CS221 Final Project Guidelines

In the final project, you will work in groups of up to four to apply the techniques that you've learned in this class to a new setting that you're interested in. Note that regardless of the group size, all groups must submit the same basic amount of work detailed in each milestone and will be graded on the same criteria. Although we allow 1-2 person project proposals, we encourage groups of 3+ members. The reason we encourage students to form teams of 3+ is that, in our experience, this size usually fits best the expectations for the CS 221 projects. We expect the team to submit a completed project (even for team of 1 or 2), so keep in mind that all projects require to spend a decent minimum effort towards gathering data, and setting up the infrastructure to reach some form of result. A 3-person team can be share these tasks much better, allowing the team to focus a lot more on the interesting stuff, e.g. results and discussion.

You will build a system to solve a well-defined task. Which task you choose is completely open-ended, but the methods you use should draw on the ones from the course.

After you submit your proposal, you will be assigned one of the CAs as your official mentor. He or she will grade all your work and really get to know your project. You are encouraged to come to office hours often to discuss your project; you can also go to the instructor or other CA's office hours to get a second opinion. Note that it will take several iterations to find the right project, so be patient; this exploration is an essential part of research, so learn from it. Have fun and don't wait until the last minute!

The final project should consist of the following stages:

Milestones

Throughout the quarter, there will be several milestones so that you can get adequate feedback on the project.

Note: you can have an appendix beyond the maximum number of allowed pages with any figures/plots/examples if you need.

Submission

Submit the milestones on Gradescope and make sure all group members are added to the submission.

All milestones are due at 11pm (23:00, not 23:59). Late days (up to 2) can be used except for the final report and poster.

For each milestone, you should submit:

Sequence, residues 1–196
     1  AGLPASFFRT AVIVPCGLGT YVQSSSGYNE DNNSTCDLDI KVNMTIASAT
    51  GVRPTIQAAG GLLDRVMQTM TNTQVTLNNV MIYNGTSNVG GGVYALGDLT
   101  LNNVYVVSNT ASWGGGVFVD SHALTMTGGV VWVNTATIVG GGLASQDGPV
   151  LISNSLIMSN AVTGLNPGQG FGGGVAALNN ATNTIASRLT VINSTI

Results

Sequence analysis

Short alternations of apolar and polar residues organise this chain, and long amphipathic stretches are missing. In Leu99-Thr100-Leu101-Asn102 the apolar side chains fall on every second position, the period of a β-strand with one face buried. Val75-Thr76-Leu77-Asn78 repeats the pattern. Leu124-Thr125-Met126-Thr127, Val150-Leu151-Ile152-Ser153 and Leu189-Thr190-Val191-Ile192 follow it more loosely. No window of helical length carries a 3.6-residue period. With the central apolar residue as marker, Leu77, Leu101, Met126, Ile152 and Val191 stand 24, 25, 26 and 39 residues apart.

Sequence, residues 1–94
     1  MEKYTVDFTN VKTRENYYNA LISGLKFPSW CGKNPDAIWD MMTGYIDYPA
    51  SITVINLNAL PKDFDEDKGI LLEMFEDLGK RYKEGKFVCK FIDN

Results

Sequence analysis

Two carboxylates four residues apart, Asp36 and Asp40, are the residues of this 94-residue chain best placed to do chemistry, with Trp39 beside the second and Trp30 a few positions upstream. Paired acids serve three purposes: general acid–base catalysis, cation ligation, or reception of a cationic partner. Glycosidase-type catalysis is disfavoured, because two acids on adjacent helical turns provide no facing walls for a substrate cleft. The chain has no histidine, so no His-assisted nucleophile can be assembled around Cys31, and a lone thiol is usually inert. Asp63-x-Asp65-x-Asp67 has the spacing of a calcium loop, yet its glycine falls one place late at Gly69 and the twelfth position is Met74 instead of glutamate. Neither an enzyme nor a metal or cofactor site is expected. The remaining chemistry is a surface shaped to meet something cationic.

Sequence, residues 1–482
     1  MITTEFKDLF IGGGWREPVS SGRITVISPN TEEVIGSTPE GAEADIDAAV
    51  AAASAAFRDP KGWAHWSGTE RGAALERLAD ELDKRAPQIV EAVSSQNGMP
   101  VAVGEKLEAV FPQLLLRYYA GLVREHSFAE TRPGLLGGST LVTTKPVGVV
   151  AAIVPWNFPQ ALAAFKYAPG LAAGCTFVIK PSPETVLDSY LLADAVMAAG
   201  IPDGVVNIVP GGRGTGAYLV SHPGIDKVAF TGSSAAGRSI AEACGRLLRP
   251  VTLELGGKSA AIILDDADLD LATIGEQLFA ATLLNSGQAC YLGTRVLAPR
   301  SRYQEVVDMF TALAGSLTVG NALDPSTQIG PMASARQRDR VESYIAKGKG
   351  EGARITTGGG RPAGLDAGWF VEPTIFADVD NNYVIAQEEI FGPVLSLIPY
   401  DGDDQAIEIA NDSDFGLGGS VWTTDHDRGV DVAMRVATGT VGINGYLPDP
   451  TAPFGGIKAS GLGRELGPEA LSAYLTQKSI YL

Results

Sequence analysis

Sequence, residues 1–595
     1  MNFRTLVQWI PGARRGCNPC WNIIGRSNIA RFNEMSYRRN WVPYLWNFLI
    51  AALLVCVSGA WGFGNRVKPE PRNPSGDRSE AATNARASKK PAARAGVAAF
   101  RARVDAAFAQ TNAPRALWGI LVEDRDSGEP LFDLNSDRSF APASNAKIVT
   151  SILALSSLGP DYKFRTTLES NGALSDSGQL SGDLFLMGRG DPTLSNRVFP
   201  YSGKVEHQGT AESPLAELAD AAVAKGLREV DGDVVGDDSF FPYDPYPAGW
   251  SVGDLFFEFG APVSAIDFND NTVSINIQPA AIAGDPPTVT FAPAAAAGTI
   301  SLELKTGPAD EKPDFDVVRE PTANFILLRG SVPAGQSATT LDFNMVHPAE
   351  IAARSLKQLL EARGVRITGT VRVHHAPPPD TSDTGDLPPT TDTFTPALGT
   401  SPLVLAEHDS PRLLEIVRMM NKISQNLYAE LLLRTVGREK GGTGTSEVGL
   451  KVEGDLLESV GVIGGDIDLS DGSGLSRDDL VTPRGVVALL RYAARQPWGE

For p-proposal, you should also submit a google form on gradescope which includes project information, team member information and mentor preference.

For p-final, you should also submit supplementary material. There are two ways to do this. First, you can just package it up: The file size limit is 20MB per file. If the data does not fit in the file size limit, submit a small but meaningful subset of the data.

Grading rubric Your project will be graded on the following dimensions:

Of course, the experiments may not always be successful. Getting negative results is normal, and as long as you make a reasonably well-motivated attempt and you explained why the results came out negative, you will get credit.

An example strategy

This is a suggestion of how to approach the final project with an example.

Datasets

You are free to use existing datasets, but these might be not necessarily the best match for your problem, in which case you are probably better off making your own dataset.

Libraries

You are free to use existing tools for parts of your project as long as you're clear what you used. When you use existing tools, the expectation is that you will do more on other dimensions.

Some project ideas

You can also get inspiration from last spring's CS221 projects (student access only).

Frequently asked questions

Can I use the same project for CS221 and another class (CS229, etc.)? The short answer is that you cannot turn in the identical project for both classes, but you can share common infrastructure across the two classes. First, you should make sure that you follow the guidelines for the CS221 project, which are likely different from those of other classes. Second, if any part of the project is done for a purpose outside CS221 (for the final project in CS229 or other classes, or even for your own research), then in the progress and final reports, you must clearly indicate which part of the project was done for CS221 and which part was not. For example, if you're taking CS229, then you cannot turn in the same pure machine learning project for CS221. But you can work on the same broad problem (e.g., news recommendation) for both classes and share the same dataset / generic wrapper code. You should then explore the machine learning aspect of the problem for CS229 (e.g., classifying news relevance) and another topic for CS221 (e.g., optimizing diversity across news articles using search or CSPs).

Are there restrictions on who I can partner up with for the final project? The only hard requirement is that each member of your group must be enrolled in CS221. Thus, if you choose to use the same project for CS221 and another class, all of your partners must be in CS221. If you feel like you have a compelling case for an exception, please submit a request on Piazza detailing the parts of the project used for each class and the reasons for deviating from the project policies.

How do I choose a good baseline and oracle? Both baselines and oracles should be simple and not take much time. The point is not to do something fancy, but to work with the data / problem that you have in a substantive way and learn something from it. Here are some examples of baselines:

Guessing completely at random is technically a baseline, but is a really bad one because it doesn't really tell you much about how easy the problem is. Here are some examples of oracles: Always guessing the correct label is technically an oracle, but it's a really bad one, because you'd always get 100% and you don't learn anything from it.